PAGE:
The aerodynamic force, although not the subject of this research, is very influential on the results of the throwing of the javelin, which is the product of the interaction of the javelin and the air current. This aerodynamic force is decomposed into two forces. One acts opposite to the direction of movement of the javelin and produces a drag force, while the other maintains the javelin to fly in the air and makes a buoyancy force. During flight, the javelin rotates about the longitudinal axis due to the effect of aerodynamic force in the centre of pressure rather than in the centre of gravity of the javelin, so that air flow acts over its entire surface. Also, the weather conditions of the competition condition the manifestation of aerodynamic force as well as certain kinematic parameters that more or less contribute to the overall result.

Generally speaking, this research showed that significant differences were observed between male finalists and between female finalists. Mostly, these are kinematic parameters that have proven to be paramount in the resultant performance of these championship throwers. One should not forget the influence of exogenous factors, above all the air currents and the behaviour of the javelin as an aerodynamic device. Based on the differences in the kinematic parameters of the top medal winners at the Berlin WC in 2009 and the Daegu WC in 2011, an ideal biomechanical model of the thrower can be made.

5. Conclusion

The study was conducted on a sample of 32 finalists at the 2009 World Athletics Championships in Berlin and Daegu in 2011 with the aim of determining the differences between the kinematic parameters of the men's and women's javelin throwers. The sample included a total of 32 competitors in both categories. The results of the study confirmed statistically significant differences between male finalists in 60% of kinematic parameters: release velocity (t=3,504; p<0,004), angle of yew (t=4,664; p<0,000), length of delivery stride (t=2,444; p<0,028), distance to foul line (t=5,120), duration of impulse stride (t=-4,462; p<0,001), duration to release (t=-4,837; p<0,000). In women, significant differences in 40% of parameters were confirmed: angle of release (t=-3,365; p<0,005), angle of yew (t=9,182; p<0,000), duration of impulse stride (t=-4,140; p<0,001), duration to release (t=-4,409; p<0,001).

Conflict of Interest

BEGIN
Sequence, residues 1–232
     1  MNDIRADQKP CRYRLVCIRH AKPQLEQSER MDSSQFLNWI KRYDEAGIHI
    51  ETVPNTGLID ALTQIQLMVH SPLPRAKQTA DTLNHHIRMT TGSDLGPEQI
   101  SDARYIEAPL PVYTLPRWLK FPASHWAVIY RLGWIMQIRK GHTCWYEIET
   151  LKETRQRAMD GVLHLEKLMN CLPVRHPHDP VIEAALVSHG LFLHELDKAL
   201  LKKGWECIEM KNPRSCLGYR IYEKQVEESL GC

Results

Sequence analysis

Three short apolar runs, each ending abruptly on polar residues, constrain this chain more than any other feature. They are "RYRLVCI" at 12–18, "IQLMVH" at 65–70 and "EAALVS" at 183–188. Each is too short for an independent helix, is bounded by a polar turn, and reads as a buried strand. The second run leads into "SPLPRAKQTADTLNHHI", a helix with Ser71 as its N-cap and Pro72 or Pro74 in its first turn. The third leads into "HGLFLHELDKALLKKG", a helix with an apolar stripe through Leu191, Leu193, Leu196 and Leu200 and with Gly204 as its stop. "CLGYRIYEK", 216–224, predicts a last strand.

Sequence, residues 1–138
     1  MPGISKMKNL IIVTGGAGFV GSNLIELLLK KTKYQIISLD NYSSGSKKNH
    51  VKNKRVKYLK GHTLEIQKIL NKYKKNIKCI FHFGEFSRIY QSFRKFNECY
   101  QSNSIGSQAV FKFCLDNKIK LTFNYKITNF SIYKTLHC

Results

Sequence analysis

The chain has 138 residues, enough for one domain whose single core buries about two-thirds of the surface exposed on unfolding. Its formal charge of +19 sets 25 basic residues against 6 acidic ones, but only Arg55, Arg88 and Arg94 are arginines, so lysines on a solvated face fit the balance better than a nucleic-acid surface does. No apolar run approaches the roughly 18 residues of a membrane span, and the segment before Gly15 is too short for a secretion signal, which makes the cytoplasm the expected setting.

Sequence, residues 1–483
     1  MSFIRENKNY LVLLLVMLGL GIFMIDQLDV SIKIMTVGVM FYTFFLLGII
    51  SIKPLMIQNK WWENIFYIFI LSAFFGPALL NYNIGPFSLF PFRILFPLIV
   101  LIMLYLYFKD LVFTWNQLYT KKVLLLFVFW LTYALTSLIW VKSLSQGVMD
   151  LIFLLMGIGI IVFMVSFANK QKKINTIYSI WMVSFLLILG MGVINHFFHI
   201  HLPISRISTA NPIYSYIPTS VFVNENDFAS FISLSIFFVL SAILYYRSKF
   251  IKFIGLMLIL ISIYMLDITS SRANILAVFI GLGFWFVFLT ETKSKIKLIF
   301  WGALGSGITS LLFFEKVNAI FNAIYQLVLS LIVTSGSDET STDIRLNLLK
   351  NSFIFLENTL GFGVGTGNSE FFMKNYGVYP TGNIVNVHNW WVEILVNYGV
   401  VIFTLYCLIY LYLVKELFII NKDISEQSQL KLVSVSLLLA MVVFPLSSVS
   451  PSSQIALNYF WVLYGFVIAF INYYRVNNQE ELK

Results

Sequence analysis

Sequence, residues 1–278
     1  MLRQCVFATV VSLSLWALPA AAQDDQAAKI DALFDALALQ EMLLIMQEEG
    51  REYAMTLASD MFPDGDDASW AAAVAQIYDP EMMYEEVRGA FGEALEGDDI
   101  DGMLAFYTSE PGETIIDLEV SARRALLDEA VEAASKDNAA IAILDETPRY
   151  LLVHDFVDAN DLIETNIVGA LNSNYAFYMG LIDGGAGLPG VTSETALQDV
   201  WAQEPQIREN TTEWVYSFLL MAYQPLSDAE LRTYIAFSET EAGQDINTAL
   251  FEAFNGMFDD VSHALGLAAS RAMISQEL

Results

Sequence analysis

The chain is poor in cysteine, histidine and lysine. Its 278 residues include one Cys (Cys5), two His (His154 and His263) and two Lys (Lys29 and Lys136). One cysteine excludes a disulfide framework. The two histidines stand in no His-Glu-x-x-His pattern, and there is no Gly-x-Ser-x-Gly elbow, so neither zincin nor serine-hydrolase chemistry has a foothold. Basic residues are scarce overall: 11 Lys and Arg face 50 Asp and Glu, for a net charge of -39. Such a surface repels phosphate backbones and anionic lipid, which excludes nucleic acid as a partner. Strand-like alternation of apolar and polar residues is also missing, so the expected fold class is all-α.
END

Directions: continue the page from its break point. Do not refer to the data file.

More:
The authors declare no conflict of interest.

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[21]  Mendoza, L., Nixdorf, E., Isele, R., & Gűnther, C. Biomechanical Analysis of the Javelin throw Men and Women Final. 2009. Scientific Research Project Biomechanical Analyses at the 12 IAAF World Championship, Berlin, 2009 Final Report Javelin Throw.
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[22]  Yoon, C.J., Lee, H.S., Kim, J.W. et al. Biomechanical Analysis of the Javelin Throw Men and Women Final. 2011. Scientific Research Project Biomechanical Analyses at the 13 IAAF World Championship, Daeegu, 2011 Final Report Javelin Throw.
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Published with license by Science and Education Publishing, Copyright © 2020 Ratko Pavlovic, Kemal Idrizovic, Vladan Savic, Mensur Vrcic, Nikola Radulovic and Aleksandar Simeonov

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Ratko Pavlovic, Kemal Idrizovic, Vladan Savic, Mensur Vrcic, Nikola Radulovic, Aleksandar Simeonov. The Differences of Kinematic Parameters Javelin throw between Male and Female Finalists World Championship (Berlin, 2009-Daegu, 2011). American Journal of Sports Science and Medicine. Vol. 8, No. 1, 2020, pp 8-15. http://pubs.sciepub.com/ajssm/8/1/2
MLA Style
Pavlovic, Ratko, et al. "The Differences of Kinematic Parameters Javelin throw between Male and Female Finalists World Championship (Berlin, 2009-Daegu, 2011)." American Journal of Sports Science and Medicine 8.1 (2020): 8-15.
APA Style
Pavlovic, R. , Idrizovic, K. , Savic, V. , Vrcic, M. , Radulovic, N. , & Simeonov, A. (2020). The Differences of Kinematic Parameters Javelin throw between Male and Female Finalists World Championship (Berlin, 2009-Daegu, 2011). American Journal of Sports Science and Medicine, 8(1), 8-15.
Chicago Style
Pavlovic, Ratko, Kemal Idrizovic, Vladan Savic, Mensur Vrcic, Nikola Radulovic, and Aleksandar Simeonov. "The Differences of Kinematic Parameters Javelin throw between Male and Female Finalists World Championship (Berlin, 2009-Daegu, 2011)." American Journal of Sports Science and Medicine 8, no. 1 (2020): 8-15.
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In article      
 
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In article      
 
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In article